It was a little colder than it was the year before on the kayak trip. But it’s warm enough for short sleeves. I’m on the short trip and my goal for this trip is to see a Prothonotary Warbler. Last time I saw one flitting around in a tree; this time I really want to see one up close.
While I wait in the water I get accustomed to my kayak. When everybody is in the water finally, we head downstream towards the lake. Along the way I see a Great Blue Heron and a Double-crested Cormorant, but not much else. But then we reach the bridge where the Cliff Swallows nest. I start seeing a lot of Catbirds, Blue-gray Gnatcatchers, American Goldfinches, and Song Sparrows to name a few. After this we find an outlet from the lake. We go down it some way and find a mother Mallard and her four babies, and about fifteen feet away from her is a Green Heron fishing. He did end up flying away before most of the group had seen him, but only to the other side of the lake.
We then find a large tree across the stream and we have to turn around. I continue around the circumference of the lake, and I find directly in front of me a gorgeous male Prothonotary Warbler. He was so yellow he was almost orange on his breast.
As we go on the list gets longer: Cedar Waxwings bathing and more warblers. Then a nest is spotted, but we don’t know what it is. Directly above that is a Kingbird nest. After this I keep going around the lake, but not for long. It’s time to go. We head back the way we came. I’m sad we have to leave, but on the bright side, I achieved my goal!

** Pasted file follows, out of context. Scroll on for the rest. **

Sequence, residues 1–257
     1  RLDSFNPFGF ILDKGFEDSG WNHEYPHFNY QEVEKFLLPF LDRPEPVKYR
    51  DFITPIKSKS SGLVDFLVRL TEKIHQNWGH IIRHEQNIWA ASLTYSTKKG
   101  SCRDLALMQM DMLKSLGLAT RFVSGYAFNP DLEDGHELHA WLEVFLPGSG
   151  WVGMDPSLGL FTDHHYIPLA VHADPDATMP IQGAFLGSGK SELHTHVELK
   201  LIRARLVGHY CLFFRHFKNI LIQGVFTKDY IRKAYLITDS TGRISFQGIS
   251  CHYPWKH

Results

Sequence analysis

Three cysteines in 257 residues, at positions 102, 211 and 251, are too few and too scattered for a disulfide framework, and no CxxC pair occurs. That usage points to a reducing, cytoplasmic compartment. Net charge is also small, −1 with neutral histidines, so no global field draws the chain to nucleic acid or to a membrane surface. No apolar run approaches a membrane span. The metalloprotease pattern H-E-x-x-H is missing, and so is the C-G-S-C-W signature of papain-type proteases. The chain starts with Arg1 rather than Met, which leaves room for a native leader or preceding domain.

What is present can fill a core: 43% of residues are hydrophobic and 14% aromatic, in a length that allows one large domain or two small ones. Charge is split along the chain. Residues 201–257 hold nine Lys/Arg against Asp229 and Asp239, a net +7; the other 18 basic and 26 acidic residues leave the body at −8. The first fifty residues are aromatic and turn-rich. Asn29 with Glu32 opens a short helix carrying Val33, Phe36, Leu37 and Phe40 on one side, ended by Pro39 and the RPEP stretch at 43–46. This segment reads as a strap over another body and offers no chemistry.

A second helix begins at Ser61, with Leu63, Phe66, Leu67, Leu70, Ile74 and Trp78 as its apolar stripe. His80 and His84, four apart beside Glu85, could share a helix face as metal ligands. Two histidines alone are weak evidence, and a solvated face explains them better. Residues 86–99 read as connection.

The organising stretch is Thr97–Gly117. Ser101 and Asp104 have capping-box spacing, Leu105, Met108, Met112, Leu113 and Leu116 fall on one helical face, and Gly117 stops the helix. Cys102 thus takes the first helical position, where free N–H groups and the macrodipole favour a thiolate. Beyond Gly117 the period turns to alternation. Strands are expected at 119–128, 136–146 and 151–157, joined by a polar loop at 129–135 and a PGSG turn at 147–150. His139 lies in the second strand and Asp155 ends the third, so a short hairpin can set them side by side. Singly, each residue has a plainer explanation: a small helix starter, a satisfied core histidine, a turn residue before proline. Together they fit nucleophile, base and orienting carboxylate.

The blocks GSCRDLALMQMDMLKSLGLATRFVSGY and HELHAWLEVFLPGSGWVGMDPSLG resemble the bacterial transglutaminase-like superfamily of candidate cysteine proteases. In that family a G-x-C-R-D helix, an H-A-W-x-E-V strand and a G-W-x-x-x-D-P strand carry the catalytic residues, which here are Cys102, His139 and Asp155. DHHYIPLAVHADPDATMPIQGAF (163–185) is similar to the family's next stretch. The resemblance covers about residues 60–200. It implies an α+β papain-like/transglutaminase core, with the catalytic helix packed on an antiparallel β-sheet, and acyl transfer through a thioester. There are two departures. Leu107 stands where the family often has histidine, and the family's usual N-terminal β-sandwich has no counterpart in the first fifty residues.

May Martineau is a student member of the Central Ohio Chapter of the Ohio Young Birders Club. Check out the photo album for this trip.
Editor’s note: some of the OYBC gang launched their kayaks farther upriver, so they had a longer paddle, much of it on the open water rather than the coves near the TAASC launch point. The following report is from Nathan Martineua, also a student member of the Central Ohio Chapter of the OYBC — and May’s brother.
The OYBCers who chose to take the challenge of the longer kayak trip had a completely different experience than those who went on the other trip. Although there was less time for birding, the paddling was highlighted by a great blue heron or Double-crested Cormorant every hundred yards or so.
The overgrown riverbank, punctuated occasionally by an impossibly big house, held Gray Catbirds, Song Sparrows, and Eastern Wood Pewees, while the treetops were inhabited by Great Crested Flycatchers, Eastern Kingbirds, Red-eyed, Warbling and Yellow-throated Vireos, Baltimore Orioles, and Blue-gray Gnatcatchers.
Everyone loved the colonies of Cliff Swallows. With their stout stature, striking white foreheads, and amusing antics, the swallows were undoubtedly the highlight of many peoples’ experience on the river that day.
The following list of bird species, which includes birds seen on both the short and long routes, was compiled by Trevor Zook.
Northern Rough-winged Swallow
Great Blue Heron
Great Crested Flycatcher